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Guidance clarifies GPs' referral options over dyspepsia

The National Institute for Clinical Excellence has told GPs to cut urgent endoscopy referrals for dyspepsia patients.

The second draft of NICE's primary care dyspepsia guidelines, released last week, said patients under the age of 55 without alarm signs should not have endoscopy but recommended specialist referral or endoscopy within two weeks in cases of dyspepsia with warning signs such as chronic gastrointestinal bleeding or an epigastric mass.

The guidelines also said dyspeptic patients of any age should have a same-day specialist referral for dyspepsia with acute gastrointestinal bleeding.

Dr Richard Stevens, chair of the Primary Care Gastroenterology Society, welcomed the new draft. He said: 'This guideline recognises that dyspepsia is a benign disease and that we should stop scoping everybody.'

However, the advice on managing patients diagnosed with dyspepsia was unclear and contradicted advice from the British Society of Gastroenterology, he said.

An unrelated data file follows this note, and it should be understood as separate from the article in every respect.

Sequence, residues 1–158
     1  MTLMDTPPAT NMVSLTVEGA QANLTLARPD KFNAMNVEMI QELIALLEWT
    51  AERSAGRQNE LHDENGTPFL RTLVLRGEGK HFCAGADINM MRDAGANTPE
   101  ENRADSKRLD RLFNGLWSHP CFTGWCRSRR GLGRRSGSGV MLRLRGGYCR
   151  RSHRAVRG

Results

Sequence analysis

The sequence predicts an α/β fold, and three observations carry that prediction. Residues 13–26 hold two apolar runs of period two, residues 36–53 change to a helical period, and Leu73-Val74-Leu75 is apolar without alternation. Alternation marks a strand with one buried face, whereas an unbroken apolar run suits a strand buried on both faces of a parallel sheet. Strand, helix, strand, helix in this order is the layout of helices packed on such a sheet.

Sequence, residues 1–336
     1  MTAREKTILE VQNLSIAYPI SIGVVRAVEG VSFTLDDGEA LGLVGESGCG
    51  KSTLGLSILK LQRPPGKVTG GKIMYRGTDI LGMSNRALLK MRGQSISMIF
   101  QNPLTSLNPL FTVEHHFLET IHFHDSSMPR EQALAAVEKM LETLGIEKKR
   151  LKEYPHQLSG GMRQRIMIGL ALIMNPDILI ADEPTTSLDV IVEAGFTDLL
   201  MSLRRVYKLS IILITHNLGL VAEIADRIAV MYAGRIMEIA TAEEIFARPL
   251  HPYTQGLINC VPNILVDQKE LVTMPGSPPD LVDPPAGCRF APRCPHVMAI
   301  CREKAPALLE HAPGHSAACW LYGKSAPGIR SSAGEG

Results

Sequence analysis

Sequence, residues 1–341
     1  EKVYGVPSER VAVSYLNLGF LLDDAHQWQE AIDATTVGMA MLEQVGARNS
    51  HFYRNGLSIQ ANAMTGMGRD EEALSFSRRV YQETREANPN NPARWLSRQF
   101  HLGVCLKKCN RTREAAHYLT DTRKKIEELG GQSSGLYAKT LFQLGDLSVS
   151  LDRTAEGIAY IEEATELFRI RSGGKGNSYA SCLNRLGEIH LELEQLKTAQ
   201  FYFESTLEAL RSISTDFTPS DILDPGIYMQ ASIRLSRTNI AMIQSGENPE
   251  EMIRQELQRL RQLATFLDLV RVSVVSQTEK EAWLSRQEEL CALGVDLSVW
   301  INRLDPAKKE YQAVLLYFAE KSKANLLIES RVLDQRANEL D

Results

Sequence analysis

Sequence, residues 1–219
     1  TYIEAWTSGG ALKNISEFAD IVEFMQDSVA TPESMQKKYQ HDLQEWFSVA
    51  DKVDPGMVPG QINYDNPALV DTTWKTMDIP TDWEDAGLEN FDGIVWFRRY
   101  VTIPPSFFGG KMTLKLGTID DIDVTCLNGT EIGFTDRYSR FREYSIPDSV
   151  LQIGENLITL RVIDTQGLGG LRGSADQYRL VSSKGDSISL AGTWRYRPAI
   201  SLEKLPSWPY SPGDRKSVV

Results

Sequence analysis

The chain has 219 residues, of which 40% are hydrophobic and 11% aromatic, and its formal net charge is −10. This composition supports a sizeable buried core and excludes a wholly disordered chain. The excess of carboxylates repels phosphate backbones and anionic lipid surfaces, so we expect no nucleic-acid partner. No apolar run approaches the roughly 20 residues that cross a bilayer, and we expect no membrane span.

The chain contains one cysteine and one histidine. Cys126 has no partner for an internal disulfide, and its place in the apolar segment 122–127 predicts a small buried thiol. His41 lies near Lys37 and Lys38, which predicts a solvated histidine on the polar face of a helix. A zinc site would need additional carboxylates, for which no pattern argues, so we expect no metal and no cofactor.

This left it up to GPs to decide whether to prescribe acid-suppressing proton-pump inhibitors or to 'test and treat' for Helicobacter pylori.

The NICE guidance said there was 'insufficient evidence' to guide whether a course of PPIs or a 'test and treat' approach should be offered first.

Dr Stevens pointed out this was left open because the guidelines had failed to distinguish reflux symptoms from dyspepsia, saying that although the symptoms often co-existed, one often predominated. 'If there are dyspepsia symptoms you would test and treat, but if it's reflux then you would use acid suppressants,' he said.

NICE had produced quality markers that should be recognised under the new GMS contract, he added.

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